FOILIAR FERTILIZER
A fertilizer applied in liquid form to a plant's foliage in a fine spray so that the plant can absorb the nutrients through its leaves.

FORBS
Flowering herbaceous plants that are not grasses and sedges. As grasses and sedges do produce (relatively inconspicuous) flowers, the term "forbs" is often used (instead of "flowering plants") to specify the plants with conspicuous flowers the grow among the grasses in a meadow or prairie. Technically, this use of the term excludes small shrubs (such as leadplant, Amorpha canescens) that may grow among the grasses and forbs, produce flowers, and have a form similar to herbaceous plants.

FORCING
The process of making a plant grow or flower before its natural season.

FOCAL PLANT
A plant with form or color calling attention or focus to an area

FOLIAGE
Leaves or vegetative tissue in the collective sense or mass'

FOLIAR
Of or concerning foliage or leaves - ie. foliar spray or foliar mass

FOLIAR SPRAY
A pesticide that is sprayed on the leaves of plants.

FORCING
Stimulation of flowers or growth by controlling light and temperature

FORM
A botanical variation of a variety differing in only 1 trait like color

FOUNDATION PLANT
A plant suitable for planting around houses and below windows

FROND
leaf-like portion of a fern - technically they are not true leaves

FRUTICOSA/FRUTICOSUM
Being fruticose or shrub-like - often in a genus of smaller form

FRUTICOSE
Being a shrub or shrub-like - a 'fruticose woody plant' is just a 'bush'. Potentilla fruticosa was named to distinguish it from the many herbaceous members of that large genus.

FUMIGATION
The use of gas or vapors that sterilize soils or containers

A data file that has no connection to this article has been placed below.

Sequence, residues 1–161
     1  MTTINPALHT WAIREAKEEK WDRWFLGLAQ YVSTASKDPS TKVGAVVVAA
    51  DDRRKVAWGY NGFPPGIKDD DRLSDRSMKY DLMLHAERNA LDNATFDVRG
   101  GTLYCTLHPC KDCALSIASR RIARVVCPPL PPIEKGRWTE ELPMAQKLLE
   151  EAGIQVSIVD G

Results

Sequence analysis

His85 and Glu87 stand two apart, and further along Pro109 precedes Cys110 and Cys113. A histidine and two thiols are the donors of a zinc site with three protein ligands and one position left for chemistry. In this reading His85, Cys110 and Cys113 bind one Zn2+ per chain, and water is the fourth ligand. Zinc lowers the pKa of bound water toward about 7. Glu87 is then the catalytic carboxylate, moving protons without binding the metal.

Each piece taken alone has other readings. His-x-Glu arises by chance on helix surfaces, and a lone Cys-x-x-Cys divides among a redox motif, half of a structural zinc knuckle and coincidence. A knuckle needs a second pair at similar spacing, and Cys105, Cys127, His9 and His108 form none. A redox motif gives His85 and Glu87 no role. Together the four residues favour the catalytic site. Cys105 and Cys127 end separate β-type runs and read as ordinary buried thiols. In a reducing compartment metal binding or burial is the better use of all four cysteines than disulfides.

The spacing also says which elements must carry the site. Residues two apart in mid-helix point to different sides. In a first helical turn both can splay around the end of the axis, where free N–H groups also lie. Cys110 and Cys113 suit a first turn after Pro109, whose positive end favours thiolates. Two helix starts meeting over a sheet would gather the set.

FRIABLE
Easily crumbled. Healthy soil is friable, so if you hold up a handful of soil and wiggle your fingers the particles of soil should fall out of your hand.

FRAME
Four pieces of wood designed to hold honey comb, consisting of a top bar, a bottom bar, and two end bars.

FRUIT
In botany, a fruit is the ripened ovary—together with seeds—of a flowering plant. In many species, the fruit incorporates the ripened ovary and surrounding tissues. Fruits are the means by which flowering plants disseminate seeds.

In cuisine, when discussing fruit as food, the term usually refers to just those plant fruits that are sweet and fleshy, examples of which include plum, apple and orange. However, a great many common vegetables, as well as nuts and grains, are the fruit of the plant species they come from.

Technically classified as a species of fruit, the tomato is popularly considered a vegetable.

FRUITING BODIES
Complex fungal structures containing spores.

FRUCTOSE
The predominant simple sugar found in honey; also known as levulose.

FUMIDIL-B
The trade name for Fumagillin, an antibiotic used in the prevention and suppression of nosema disease.

FUME BOARD
A rectangular frame, the size of a super, covered with an absorbent material such as burlap, on which is placed a chemical repellent to drive the bees out of supers for honey removal.

FUNGICIDE
A chemical used to control diseases caused by fungi. A chemical or biological product applied to plants to prevent infection by disease-causing organisms.

FUNGUS
A microscopic organism lacking chlorophyll and the ability to manufacture its own food, with a body of spider web-like filaments.
A primitive form of plant life which is known to the house plant grower as the most common cause of infectious disease -- powdery mildew. sooty mould and area mould.